Two recent attacks on EMTs have prompted one ambulance company to hold a self-defense course Tuesday for its employees and for firefighters.
The course comes less than three weeks after a Boston EMS supervisor was attacked during a medical call for an unconscious person, one day after an emergency medical technician was stabbed several times in an ambulance.
“EMTs in general were outraged, but I don’t think anyone was surprised,” said Ben Podsiadlo, Armstrong Ambulance Service’s clinical director, who has been an EMT for 31 years. “It was just so scary and nearly fatal that it left everyone thinking wow, that could have been me. There’s nothing worse than the sense of betrayal you feel when you’re trying to save someone’s life and they try to hurt you or murder you. All you can do is avoid them, flee them or defend yourself. There’s no law that we have to be human punching bags.”
Armstrong Ambulance Service will host the course at the Saugus Public Safety Building for local EMS providers and firefighters. The company will hold more courses for EMTs and paramedics elsewhere in the coming weeks.
“This topic definitely has come to the fore,” said Podsiadlo. “We’ve all had basic training in this. But there’s been a lot of demand for more from staff, so we wanted to do additional training immediately.”
The course will be taught by Larry LeDoux, Armstrong’s basic life support clinical coordinator.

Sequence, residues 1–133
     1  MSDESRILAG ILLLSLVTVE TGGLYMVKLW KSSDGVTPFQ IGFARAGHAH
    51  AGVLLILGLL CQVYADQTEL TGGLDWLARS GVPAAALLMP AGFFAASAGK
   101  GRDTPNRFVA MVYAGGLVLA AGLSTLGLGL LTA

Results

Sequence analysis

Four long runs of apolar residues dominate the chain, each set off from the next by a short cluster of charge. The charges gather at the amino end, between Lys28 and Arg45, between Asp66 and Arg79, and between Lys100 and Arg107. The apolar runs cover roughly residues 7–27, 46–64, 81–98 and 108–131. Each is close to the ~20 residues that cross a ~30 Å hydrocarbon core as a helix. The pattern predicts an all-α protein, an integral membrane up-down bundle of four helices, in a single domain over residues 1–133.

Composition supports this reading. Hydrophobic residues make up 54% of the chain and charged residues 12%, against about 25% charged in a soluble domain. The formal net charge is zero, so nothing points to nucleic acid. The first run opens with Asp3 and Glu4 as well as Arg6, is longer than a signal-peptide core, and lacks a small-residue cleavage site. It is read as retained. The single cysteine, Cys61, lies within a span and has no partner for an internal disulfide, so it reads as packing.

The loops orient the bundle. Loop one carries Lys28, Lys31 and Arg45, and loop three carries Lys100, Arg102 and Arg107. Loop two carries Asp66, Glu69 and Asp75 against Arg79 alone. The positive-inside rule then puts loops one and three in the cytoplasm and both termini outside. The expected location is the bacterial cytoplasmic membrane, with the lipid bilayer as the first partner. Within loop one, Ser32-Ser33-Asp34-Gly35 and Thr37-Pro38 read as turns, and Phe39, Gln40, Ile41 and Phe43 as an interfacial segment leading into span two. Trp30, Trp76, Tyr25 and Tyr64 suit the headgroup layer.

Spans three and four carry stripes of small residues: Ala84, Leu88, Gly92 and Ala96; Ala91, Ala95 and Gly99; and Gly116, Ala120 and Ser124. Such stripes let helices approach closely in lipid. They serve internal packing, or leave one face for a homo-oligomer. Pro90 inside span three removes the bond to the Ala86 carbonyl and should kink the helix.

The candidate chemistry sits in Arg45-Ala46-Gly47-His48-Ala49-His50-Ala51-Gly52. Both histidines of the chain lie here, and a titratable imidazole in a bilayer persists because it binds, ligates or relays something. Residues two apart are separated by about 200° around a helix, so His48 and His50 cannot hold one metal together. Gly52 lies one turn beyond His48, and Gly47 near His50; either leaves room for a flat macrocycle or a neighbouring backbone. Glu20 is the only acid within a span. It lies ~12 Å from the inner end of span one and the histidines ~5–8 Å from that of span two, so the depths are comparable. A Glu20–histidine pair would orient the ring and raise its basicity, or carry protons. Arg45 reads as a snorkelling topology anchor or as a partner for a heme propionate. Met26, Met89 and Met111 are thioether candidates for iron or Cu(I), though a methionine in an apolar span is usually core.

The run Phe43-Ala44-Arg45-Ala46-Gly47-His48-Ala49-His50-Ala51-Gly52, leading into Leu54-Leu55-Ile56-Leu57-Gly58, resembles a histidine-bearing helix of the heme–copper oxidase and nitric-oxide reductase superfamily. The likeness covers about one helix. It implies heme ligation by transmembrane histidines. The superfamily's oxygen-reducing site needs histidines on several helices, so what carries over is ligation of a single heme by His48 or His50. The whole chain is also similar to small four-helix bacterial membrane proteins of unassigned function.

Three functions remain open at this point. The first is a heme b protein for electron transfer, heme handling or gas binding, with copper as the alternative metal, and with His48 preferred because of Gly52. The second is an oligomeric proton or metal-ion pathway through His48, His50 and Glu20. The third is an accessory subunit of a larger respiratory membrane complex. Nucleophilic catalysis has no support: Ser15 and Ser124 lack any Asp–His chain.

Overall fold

“It’s becoming a popular request,” said LeDoux, a 36-year veteran firefighter who was contacted Monday by the Medford Fire Department to do the same training. “Spontaneous violence we can’t predict, but we can look for cues and learn how to protect ourselves.”
First responders often find themselves in volatile situations involving people who are intoxicated or mentally ill.
Podsiadlo said he has been spat at, punched in the face, had a gun pointed at him and was nearly thrown out a second-floor window.
“It’s important to be aware of your surroundings,” Podsiadlo said. “If you walk into a situation that you think is dangerous, call for help. If you’re cornered and unable to flee, you have every right to defend yourself and your patients.”
The Centers for Disease Control and Prevention estimates that 2,600 EMS workers received hospital treatment in 2014 for injuries resulting from work-related violence.
The National Fire Protection Association cited a 2015 survey of roughly 1,800 EMS personnel that found that 69 percent had experienced some form of violence on the job in the previous 12 months. A third had been punched, slapped or scratched; about 30 percent had been spat at; 11 percent had been bitten; and more than two-thirds had been verbally abused.
The National Institute for Occupational Safety and Health estimated that in 2016, about 3,500 EMS workers were sent to the hospital with work-related injuries from violence.